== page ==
Students and members of the public have appeared before the board since 2017 asking MiraCosta's Board and President to take steps to make sure that the community college includes education and pathways for all community students, including those who have developmental disabilities. The community questioned the administration's hiring of full-time faculty to head the adults with disabilities program (AwD program) even though he had no background working with students in the adults with disabilities program. Numerous public comments questioned why administration failed to take disciplinary action after the Dean appeared unannounced in classes last summer warning students in the AwD program that they could be removed from by police if they misbehaved. Students in other noncredit programs were not given the same warning. Community members through public comments raised concerns that the dean's singling out of students in the adults with disabilities program for such a warning was a discriminatory practice and that for some students, the warning about police intervention scared them from attending school.
Students with disabilities were not alone in their concerns about the dean's intimidation tactics. Just last week, a MiraCosta instructional aide appeared before MiraCosta's board alleging a similar practice was employed by the dean regarding instructional aides. Associate faculty and union president Krista Warren also raised concerns about various practices with respect to the adults with disabilities program and its students, but shortly after doing so, the dean eliminated her position as the noncredit coordinator and reduced Warren's class load.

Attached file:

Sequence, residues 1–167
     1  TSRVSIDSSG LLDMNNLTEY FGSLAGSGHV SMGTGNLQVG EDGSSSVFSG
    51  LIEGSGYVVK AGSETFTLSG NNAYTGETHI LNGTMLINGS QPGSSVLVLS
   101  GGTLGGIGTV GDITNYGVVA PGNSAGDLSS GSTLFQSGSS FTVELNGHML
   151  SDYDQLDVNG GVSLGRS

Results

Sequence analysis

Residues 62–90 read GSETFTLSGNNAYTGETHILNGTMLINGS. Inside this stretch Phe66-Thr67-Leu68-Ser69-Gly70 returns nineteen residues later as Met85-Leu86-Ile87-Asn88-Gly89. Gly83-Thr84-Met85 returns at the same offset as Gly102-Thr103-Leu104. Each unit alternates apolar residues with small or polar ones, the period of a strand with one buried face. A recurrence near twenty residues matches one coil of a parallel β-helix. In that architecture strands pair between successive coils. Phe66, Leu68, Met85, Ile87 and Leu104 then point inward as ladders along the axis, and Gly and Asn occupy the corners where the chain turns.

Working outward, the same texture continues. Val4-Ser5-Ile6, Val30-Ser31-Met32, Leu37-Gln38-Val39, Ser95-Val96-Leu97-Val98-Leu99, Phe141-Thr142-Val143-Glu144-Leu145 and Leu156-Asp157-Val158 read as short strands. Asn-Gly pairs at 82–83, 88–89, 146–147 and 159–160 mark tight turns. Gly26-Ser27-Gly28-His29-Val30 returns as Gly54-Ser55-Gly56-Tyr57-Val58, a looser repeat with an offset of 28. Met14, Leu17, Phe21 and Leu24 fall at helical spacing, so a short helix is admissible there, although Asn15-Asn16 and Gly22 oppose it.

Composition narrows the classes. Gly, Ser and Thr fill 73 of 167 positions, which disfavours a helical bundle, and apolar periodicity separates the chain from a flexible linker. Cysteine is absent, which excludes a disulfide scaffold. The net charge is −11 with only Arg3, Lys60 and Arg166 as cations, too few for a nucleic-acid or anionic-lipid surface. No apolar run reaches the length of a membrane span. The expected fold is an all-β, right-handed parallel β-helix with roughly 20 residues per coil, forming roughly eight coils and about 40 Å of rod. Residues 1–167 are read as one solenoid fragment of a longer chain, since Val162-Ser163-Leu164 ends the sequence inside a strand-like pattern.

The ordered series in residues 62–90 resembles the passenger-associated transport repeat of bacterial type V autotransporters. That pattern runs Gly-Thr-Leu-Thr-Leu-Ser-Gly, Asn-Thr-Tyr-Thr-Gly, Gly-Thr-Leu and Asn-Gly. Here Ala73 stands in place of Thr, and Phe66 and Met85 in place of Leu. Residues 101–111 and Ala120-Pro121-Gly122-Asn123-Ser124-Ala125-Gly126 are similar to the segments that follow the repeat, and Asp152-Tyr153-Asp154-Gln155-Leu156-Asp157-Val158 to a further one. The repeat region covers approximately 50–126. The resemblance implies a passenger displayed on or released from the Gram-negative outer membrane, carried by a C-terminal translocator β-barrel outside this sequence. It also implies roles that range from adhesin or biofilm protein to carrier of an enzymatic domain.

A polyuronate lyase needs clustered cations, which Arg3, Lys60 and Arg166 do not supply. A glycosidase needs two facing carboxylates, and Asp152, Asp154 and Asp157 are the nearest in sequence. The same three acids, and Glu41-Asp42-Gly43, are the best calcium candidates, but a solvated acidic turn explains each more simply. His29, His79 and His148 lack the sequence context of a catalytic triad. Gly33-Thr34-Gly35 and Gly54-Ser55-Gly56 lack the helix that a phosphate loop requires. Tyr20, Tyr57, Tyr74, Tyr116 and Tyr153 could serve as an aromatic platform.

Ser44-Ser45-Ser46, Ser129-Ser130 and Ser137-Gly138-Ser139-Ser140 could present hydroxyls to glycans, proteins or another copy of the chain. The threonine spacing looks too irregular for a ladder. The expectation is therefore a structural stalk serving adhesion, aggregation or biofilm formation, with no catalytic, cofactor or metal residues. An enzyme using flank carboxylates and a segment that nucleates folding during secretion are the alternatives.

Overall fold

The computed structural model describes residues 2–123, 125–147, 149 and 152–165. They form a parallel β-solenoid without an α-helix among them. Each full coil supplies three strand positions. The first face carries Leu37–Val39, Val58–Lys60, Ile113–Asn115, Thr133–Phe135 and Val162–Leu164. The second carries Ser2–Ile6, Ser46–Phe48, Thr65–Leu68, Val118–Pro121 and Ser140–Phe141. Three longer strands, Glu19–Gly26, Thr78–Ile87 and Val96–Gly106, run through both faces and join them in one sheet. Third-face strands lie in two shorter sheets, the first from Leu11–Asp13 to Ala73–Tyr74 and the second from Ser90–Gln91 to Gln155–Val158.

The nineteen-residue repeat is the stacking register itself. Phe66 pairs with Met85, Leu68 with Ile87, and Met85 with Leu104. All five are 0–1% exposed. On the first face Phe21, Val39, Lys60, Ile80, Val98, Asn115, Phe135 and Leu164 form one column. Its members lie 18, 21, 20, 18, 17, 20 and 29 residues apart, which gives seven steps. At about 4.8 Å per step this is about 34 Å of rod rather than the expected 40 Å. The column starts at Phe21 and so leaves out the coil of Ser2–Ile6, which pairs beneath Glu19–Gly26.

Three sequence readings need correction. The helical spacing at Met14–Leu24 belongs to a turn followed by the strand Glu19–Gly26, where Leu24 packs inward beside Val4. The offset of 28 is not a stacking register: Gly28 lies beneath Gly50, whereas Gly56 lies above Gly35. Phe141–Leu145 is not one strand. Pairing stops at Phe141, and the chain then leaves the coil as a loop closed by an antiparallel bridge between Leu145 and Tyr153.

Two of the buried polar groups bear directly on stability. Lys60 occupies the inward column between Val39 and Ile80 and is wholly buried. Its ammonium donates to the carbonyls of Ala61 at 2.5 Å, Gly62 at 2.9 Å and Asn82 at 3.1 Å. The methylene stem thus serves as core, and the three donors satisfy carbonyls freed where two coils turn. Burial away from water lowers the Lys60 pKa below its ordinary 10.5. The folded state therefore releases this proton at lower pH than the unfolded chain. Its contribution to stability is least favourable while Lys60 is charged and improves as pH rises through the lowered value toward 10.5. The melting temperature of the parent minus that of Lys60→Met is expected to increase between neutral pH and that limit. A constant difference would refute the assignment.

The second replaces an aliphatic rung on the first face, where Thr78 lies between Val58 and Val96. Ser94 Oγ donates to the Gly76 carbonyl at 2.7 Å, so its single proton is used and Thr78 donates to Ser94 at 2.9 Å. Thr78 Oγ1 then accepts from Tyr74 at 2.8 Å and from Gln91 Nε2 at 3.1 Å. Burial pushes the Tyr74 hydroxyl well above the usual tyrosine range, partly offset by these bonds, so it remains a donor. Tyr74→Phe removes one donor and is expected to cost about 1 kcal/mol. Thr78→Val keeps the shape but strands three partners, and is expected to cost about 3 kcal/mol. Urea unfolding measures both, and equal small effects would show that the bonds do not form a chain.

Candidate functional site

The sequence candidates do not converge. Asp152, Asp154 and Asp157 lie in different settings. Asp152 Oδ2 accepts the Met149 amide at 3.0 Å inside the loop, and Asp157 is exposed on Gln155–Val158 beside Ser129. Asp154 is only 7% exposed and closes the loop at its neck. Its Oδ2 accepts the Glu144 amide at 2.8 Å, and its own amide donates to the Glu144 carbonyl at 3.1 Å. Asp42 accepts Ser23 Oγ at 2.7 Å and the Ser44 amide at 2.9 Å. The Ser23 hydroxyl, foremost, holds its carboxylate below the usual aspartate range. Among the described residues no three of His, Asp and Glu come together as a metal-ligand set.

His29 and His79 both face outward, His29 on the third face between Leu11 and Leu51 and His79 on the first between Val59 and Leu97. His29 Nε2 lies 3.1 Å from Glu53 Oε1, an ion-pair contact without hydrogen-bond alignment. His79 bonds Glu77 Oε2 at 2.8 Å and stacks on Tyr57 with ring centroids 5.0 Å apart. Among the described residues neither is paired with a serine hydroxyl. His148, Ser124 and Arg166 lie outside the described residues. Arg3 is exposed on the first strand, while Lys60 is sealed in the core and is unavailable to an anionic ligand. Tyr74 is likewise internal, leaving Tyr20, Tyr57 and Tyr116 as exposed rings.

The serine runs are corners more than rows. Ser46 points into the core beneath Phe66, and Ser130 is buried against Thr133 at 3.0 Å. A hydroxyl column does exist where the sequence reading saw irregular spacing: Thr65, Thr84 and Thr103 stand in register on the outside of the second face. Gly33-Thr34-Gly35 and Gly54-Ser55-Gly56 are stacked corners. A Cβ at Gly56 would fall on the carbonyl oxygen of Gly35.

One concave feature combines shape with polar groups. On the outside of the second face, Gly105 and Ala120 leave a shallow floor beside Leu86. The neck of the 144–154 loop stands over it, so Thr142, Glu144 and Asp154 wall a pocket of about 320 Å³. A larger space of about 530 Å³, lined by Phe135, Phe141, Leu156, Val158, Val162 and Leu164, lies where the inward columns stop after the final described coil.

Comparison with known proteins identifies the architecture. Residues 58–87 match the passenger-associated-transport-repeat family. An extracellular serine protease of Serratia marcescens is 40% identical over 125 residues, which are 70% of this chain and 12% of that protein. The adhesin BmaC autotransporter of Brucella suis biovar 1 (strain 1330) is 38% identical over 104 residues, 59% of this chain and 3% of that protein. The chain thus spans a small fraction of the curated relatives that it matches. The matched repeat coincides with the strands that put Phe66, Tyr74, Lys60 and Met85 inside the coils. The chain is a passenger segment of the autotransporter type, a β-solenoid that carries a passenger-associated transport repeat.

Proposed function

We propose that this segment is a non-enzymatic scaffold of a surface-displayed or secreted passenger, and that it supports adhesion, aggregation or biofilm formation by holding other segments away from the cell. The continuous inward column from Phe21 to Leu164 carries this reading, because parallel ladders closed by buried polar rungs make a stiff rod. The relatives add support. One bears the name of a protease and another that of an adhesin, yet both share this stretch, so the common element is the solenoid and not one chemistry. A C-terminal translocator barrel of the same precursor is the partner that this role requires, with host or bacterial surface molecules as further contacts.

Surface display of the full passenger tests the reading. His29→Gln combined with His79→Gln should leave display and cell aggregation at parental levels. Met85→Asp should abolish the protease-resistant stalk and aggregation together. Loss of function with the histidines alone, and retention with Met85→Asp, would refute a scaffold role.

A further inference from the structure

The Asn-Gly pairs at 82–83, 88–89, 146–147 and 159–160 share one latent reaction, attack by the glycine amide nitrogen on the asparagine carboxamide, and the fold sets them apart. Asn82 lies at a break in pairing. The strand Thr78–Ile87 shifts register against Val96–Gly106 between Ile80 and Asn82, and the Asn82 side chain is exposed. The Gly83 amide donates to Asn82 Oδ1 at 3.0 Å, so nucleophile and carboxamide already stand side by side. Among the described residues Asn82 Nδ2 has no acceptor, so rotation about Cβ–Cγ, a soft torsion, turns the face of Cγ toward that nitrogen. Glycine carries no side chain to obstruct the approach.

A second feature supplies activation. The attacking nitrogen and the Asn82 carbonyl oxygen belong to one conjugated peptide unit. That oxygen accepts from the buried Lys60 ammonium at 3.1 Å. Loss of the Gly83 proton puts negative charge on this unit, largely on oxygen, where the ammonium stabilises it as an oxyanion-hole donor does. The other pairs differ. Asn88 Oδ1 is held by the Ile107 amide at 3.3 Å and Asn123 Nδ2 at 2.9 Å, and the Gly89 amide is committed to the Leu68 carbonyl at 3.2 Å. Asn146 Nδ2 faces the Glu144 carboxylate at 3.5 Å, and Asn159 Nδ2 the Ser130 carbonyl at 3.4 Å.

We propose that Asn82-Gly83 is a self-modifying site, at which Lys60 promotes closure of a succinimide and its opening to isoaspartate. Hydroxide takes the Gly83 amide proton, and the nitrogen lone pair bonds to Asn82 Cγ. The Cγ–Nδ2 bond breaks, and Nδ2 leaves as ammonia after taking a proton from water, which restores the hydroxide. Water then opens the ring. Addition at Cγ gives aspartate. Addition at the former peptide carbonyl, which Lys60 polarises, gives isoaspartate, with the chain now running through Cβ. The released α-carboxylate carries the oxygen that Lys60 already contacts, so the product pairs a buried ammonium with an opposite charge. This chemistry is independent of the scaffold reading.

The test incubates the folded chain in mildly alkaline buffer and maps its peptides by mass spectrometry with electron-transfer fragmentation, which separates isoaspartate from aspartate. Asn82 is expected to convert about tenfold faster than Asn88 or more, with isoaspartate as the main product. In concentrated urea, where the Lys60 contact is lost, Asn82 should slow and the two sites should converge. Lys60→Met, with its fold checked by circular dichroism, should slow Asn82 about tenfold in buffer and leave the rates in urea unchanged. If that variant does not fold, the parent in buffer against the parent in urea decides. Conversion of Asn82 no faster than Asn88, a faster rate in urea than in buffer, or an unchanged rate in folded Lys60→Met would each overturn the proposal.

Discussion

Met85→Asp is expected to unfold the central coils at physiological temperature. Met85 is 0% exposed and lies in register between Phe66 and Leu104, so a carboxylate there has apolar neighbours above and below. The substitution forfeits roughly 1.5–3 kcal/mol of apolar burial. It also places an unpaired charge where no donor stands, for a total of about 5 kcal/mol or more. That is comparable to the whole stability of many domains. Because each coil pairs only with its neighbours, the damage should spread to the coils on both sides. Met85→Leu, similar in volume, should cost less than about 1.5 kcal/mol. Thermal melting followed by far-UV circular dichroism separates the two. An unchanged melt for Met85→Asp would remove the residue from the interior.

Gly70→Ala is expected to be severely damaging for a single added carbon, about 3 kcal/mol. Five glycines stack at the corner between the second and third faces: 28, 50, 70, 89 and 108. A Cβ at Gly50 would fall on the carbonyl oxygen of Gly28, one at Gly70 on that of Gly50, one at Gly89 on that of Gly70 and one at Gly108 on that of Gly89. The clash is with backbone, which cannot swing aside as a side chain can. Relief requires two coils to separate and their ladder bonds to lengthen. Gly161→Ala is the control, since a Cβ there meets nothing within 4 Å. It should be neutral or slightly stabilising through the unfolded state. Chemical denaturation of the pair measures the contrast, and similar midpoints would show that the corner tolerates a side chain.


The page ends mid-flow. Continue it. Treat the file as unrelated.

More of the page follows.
MiraCosta's insensitivity to students with developmental disabilities was the topic of whispered comments at a recent ceremony honoring various artistic works of noncredit students. Students with disabilities were listed in the "Expressions" publication as being in the adults with disabilities program, thereby revealing their special education status. Some observers raised concerns that the disclosure of a student's disability in such a manner may have violated the Family Educational Rights and Privacy Act (FERPA), which prohibits the disclosure of confidential student information, such as special education status, without an individual's consent.